When Dr. Thomas M. Check took time from his dental practice to travel to Jamaica in 1965 to provide dental care to children with needs at a home conducted by the Religious Sisters of Mercy, he could not know that in March 2014 he would be making his 50th such trip. That is because the need is still there.
Dr. Check, 86, began life in Wilkes-Barre, Pa., where he grew up and attended Sacred Heart Slovak School and Coughlin High School. He knew that he wanted to become a professional and he wanted to be his own boss, but most of all he wanted to make a difference.
Starting out at Bucknell Junior College (now Wilkes University) he settled on dentistry for his future and continued his dental studies at Temple University with resident programs to follow at the University of Pennsylvania Hospital and St. Joseph’s Hospital in Philadelphia.
By the early 1960s he was fairly established in a joint dental practice, and life was good. In 1953 he had married Elizabeth (Betty) Kern, who was also from the Wilkes-Barre area. When children didn’t come along in the usual fashion they turned to the Philadelphia Archdiocese’s Catholic Social Services. In a relatively short span of years they adopted four children, Bethanne Bernadette, Thomas, Mary Rose and David.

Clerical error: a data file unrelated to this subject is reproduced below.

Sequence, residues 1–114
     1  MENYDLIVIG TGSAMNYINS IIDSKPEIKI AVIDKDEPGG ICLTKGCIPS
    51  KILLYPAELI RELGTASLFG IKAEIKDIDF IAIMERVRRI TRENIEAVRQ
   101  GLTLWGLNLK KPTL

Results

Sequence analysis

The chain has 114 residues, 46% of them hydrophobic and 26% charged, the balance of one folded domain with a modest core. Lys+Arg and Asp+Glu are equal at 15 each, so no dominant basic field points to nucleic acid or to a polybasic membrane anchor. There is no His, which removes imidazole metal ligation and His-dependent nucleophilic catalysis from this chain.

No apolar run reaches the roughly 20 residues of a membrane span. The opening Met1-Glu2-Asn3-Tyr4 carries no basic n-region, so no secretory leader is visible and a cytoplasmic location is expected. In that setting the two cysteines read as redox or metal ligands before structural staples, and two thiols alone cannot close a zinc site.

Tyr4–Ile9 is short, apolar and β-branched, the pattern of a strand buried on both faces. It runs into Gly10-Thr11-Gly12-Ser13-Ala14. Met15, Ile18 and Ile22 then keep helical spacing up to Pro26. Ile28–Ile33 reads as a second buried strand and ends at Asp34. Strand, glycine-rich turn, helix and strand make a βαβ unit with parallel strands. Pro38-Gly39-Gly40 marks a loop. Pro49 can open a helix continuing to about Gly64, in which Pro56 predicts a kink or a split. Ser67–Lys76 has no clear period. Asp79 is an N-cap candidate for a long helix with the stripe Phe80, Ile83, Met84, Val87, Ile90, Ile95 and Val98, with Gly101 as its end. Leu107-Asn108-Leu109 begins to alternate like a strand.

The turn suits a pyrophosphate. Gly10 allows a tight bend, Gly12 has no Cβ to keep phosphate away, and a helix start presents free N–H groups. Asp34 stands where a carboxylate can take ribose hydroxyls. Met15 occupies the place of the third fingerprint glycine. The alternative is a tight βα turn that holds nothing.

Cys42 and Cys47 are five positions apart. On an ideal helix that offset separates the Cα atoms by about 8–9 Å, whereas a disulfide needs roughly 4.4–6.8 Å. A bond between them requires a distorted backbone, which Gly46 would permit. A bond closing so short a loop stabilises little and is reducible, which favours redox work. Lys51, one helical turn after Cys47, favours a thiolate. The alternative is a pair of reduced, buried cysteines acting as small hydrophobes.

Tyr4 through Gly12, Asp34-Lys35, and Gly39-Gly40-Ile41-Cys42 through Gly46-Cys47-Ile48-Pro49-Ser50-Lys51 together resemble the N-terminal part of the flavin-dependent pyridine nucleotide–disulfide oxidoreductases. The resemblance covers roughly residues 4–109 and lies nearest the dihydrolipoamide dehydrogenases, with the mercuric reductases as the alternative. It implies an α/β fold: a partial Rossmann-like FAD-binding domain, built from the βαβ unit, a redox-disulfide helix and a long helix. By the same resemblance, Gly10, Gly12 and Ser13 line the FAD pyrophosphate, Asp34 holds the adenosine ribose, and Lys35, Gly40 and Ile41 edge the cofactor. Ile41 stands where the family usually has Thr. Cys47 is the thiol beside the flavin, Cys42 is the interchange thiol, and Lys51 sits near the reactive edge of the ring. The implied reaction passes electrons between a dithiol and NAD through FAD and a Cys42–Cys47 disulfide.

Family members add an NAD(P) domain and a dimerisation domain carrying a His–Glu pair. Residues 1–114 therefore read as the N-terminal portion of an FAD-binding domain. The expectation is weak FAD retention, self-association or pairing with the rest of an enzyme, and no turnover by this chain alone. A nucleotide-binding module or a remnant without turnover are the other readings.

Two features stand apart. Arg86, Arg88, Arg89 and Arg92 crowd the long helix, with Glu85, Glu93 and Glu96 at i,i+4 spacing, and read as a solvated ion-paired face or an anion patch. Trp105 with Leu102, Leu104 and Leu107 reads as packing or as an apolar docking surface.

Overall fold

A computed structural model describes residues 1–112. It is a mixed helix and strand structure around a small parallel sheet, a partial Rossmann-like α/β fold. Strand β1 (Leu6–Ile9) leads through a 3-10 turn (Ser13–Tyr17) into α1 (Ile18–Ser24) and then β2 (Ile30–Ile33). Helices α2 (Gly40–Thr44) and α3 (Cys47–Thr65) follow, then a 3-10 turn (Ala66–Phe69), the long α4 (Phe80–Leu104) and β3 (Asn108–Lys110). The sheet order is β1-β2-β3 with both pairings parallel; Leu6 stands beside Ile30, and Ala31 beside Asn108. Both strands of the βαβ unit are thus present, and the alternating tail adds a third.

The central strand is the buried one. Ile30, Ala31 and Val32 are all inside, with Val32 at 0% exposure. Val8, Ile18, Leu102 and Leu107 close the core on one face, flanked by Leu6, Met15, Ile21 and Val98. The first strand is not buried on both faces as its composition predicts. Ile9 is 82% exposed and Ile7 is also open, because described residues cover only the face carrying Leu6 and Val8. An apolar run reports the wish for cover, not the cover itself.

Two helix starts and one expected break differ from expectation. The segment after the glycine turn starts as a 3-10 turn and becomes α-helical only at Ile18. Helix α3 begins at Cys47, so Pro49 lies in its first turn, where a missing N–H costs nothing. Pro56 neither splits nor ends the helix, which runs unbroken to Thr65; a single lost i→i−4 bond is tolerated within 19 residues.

Something happened in 1962 that would alter his life and that of his family. Approximately at the same time Jamaica gained its independence from Great Britain, the Sisters of Mercy who conduct the Alpha Orphanage in Kingston petitioned the Catholic Medical Mission Bureau in New York, asking if a dentist could be provided to care for the children’s teeth. At that time the only dentistry provided to the orphanage was extractions; nothing was being done to save teeth.
It took about a year before the request filtered down to Philadelphia. Dr. Hugh Day, who had experience in public health, took up the cause. Dr. Check heard about this and joined forces with him. His training was in oral surgery, not public health, but he was willing to learn.
Between the two of them they came up with a plan following a working program issued by the World Health Organization through which children’s cavities would be prevented. If they occurred, the teeth could hopefully be repaired, not extracted. The key feature of this Incremental Care Program, tailored to meet the needs of the Sisters and the children, is consistent follow-up from year to year.
In 1964 Dr. Day went to Jamaica for two months to put the program into place. The young man who had barely started in private practice discovered when he returned home that he had lost most of his patients.
Dr. Check, who was better established and was in a joint practice, agreed he would go in future years starting in 1965.
“I always had it in me (that) I wanted to do dentistry for a group that had no outlet for care,” he said. “It was my personal vision and my deep desire.”